Find all School-related info fast with the new School-Specific MBA Forum

It is currently 25 Oct 2014, 02:45

Close

GMAT Club Daily Prep

Thank you for using the timer - this advanced tool can estimate your performance and suggest more practice questions. We have subscribed you to Daily Prep Questions via email.

Customized
for You

we will pick new questions that match your level based on your Timer History

Track
Your Progress

every week, we’ll send you an estimated GMAT score based on your performance

Practice
Pays

we will pick new questions that match your level based on your Timer History

Not interested in getting valuable practice questions and articles delivered to your email? No problem, unsubscribe here.

Events & Promotions

Events & Promotions in June
Open Detailed Calendar

If a number is drawn at random from the first 1000 positive

  Question banks Downloads My Bookmarks Reviews Important topics  
Author Message
TAGS:
Current Student
User avatar
Joined: 29 Jan 2005
Posts: 5252
Followers: 23

Kudos [?]: 140 [0], given: 0

Reviews Badge
If a number is drawn at random from the first 1000 positive [#permalink] New post 23 Nov 2005, 06:19
00:00
A
B
C
D
E

Difficulty:

  5% (low)

Question Stats:

24% (01:05) correct 76% (00:58) wrong based on 45 sessions
If a number is drawn at random from the first 1000 positive integers, what is the probability of selecting a refined number?

(1) Any refined number must be divisible by 22
(2) A refined number is any even multiple of 11
[Reveal] Spoiler: OA
Manager
Manager
avatar
Joined: 15 Aug 2005
Posts: 137
Followers: 2

Kudos [?]: 7 [0], given: 0

Re: DS PGMAT (probability) [#permalink] New post 23 Nov 2005, 07:13
GMATT73 wrote:
If a number is drawn at random from the first 1000 positive integers, what is the probability of selecting a refined number?

1. Any refined number must be divisible by 22
2. A refined number is any even multiple of 11


I think it should be D

1. you can find the number of numbers divisible by 22 and less than 1000 ----> sufficient

2. you can find the number of numbers divisible by 11 and less than 1000 ----> sufficient
Current Student
User avatar
Joined: 29 Jan 2005
Posts: 5252
Followers: 23

Kudos [?]: 140 [0], given: 0

Reviews Badge
 [#permalink] New post 23 Nov 2005, 20:49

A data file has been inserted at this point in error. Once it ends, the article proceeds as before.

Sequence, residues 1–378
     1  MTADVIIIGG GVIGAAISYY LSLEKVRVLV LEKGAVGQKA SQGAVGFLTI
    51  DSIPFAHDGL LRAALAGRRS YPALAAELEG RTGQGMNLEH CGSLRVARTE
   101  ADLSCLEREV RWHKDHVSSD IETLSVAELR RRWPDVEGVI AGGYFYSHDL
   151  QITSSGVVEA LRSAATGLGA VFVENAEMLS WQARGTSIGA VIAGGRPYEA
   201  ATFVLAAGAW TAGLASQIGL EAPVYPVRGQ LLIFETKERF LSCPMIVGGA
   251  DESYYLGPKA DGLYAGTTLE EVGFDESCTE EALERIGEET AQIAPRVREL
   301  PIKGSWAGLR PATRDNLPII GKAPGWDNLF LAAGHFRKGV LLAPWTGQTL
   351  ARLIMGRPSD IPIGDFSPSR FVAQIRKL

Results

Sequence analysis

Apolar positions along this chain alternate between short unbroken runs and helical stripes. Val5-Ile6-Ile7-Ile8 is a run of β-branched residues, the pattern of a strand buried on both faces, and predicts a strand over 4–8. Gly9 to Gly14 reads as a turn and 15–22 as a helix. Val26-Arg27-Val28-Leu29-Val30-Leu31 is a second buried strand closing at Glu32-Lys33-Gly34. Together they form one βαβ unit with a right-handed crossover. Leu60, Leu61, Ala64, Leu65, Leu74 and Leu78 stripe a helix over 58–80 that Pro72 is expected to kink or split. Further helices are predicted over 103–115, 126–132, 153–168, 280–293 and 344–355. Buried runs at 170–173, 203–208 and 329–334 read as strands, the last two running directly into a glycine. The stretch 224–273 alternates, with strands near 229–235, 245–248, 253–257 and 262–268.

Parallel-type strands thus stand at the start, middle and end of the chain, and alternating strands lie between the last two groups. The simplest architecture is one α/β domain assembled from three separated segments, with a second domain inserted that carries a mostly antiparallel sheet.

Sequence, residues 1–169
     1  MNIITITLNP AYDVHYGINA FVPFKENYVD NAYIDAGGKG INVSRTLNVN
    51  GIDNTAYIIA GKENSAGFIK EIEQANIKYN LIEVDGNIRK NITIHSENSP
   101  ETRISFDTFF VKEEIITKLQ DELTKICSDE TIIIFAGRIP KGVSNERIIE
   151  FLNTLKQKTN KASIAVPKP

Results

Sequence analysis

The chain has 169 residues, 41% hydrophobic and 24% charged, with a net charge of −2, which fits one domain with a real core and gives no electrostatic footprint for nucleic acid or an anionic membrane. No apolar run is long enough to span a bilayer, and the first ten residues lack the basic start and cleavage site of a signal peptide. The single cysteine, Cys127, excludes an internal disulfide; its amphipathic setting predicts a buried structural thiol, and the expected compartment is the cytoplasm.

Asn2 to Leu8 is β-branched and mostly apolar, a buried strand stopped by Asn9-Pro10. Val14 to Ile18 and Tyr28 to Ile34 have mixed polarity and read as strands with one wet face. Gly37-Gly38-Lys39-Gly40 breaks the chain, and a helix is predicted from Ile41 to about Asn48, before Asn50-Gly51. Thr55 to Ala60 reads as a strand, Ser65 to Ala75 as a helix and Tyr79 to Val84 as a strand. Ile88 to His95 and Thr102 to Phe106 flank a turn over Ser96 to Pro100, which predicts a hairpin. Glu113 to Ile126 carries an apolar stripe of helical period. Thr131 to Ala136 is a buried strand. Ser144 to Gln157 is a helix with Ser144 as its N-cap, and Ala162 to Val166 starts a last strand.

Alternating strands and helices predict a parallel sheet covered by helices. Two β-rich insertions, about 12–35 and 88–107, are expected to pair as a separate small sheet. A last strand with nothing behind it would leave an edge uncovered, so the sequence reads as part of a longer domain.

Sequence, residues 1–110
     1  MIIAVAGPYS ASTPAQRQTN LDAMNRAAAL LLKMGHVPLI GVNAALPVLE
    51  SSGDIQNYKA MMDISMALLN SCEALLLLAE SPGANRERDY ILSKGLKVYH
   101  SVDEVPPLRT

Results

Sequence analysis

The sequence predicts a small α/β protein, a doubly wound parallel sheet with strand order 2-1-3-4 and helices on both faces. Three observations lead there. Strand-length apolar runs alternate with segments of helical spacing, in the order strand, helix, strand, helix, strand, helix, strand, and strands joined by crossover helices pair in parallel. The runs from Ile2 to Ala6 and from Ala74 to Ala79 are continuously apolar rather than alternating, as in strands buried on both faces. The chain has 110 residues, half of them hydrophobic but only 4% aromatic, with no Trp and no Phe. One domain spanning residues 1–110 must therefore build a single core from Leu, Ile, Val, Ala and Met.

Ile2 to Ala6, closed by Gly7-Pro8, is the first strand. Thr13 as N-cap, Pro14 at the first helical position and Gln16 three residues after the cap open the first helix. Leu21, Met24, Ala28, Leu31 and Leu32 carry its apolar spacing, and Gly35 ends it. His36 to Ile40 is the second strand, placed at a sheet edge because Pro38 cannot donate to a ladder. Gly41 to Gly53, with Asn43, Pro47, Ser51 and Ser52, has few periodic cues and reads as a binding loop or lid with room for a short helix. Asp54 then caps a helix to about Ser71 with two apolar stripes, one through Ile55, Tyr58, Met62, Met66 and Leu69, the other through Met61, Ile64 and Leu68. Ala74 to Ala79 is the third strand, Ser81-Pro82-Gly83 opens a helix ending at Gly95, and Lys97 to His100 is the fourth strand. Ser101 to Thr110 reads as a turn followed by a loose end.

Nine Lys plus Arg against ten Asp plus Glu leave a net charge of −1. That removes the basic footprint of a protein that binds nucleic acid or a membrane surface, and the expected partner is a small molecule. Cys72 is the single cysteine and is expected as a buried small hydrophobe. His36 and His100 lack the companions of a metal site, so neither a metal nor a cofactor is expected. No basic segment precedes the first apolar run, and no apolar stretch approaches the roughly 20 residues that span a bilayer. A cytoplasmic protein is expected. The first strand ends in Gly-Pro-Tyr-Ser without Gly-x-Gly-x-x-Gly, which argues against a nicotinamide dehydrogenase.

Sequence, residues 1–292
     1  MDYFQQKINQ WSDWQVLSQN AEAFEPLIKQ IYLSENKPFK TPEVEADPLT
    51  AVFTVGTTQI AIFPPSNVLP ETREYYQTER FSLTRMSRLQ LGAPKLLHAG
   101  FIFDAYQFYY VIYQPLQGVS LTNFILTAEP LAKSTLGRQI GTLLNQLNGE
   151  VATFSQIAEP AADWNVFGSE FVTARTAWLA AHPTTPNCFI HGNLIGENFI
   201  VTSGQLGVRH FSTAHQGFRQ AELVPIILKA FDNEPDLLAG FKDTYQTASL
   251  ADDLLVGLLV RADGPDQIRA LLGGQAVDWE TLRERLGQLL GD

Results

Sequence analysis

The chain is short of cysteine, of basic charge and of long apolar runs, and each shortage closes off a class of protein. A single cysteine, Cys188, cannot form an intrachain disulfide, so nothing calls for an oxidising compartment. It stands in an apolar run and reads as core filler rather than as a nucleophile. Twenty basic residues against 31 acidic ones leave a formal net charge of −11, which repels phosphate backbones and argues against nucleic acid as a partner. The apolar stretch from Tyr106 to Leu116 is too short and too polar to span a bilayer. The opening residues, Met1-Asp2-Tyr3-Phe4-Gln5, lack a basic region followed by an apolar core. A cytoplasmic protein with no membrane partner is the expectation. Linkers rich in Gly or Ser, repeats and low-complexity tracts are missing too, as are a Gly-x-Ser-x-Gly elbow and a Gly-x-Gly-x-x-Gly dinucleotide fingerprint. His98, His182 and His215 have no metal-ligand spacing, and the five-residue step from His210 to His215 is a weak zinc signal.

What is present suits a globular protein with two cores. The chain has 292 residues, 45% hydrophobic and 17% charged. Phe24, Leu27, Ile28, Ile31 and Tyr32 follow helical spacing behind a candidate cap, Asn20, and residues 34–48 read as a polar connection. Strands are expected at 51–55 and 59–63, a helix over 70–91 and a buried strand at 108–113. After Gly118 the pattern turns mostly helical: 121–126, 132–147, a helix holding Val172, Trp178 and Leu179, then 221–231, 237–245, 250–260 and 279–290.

Sorry guys, OA is not D. Any other guesses?
VP
VP
avatar
Joined: 06 Jun 2004
Posts: 1061
Location: CA
Followers: 2

Kudos [?]: 29 [0], given: 0

 [#permalink] New post 23 Nov 2005, 21:00
B?

Somehow I think the wordings are a little tricky.........
Current Student
User avatar
Joined: 29 Jan 2005
Posts: 5252
Followers: 23

Kudos [?]: 140 [0], given: 0

Reviews Badge
 [#permalink] New post 24 Nov 2005, 20:07
1. Statement 1 tells us that a refined number must be a multiple of 22. This is a necessary, but not sufficient condition for a refined number. While every refined number is a multiple of 22, every multiple of 22 is not necessarily a refined number. Since we have no other info about the definition of a refined number, we cannot determine how many integers from 1-1000 fit that definition. Insuff.

2. Statement 2 provides us with a definition of a refined number- an even multiple of 11. We can find the number of even multiples of 11 in the set, so this is sufficient.

OA is (B)
GMAT Club Legend
GMAT Club Legend
User avatar
Joined: 07 Jul 2004
Posts: 5095
Location: Singapore
Followers: 19

Kudos [?]: 155 [0], given: 0

 [#permalink] New post 25 Nov 2005, 00:23
GMATT73 wrote:
1. Statement 1 tells us that a refined number must be a multiple of 22. This is a necessary, but not sufficient condition for a refined number. While every refined number is a multiple of 22, every multiple of 22 is not necessarily a refined number. Since we have no other info about the definition of a refined number, we cannot determine how many integers from 1-1000 fit that definition. Insuff.

2. Statement 2 provides us with a definition of a refined number- an even multiple of 11. We can find the number of even multiples of 11 in the set, so this is sufficient.

OA is (B)


Isn't (2) just a repetition of (1)?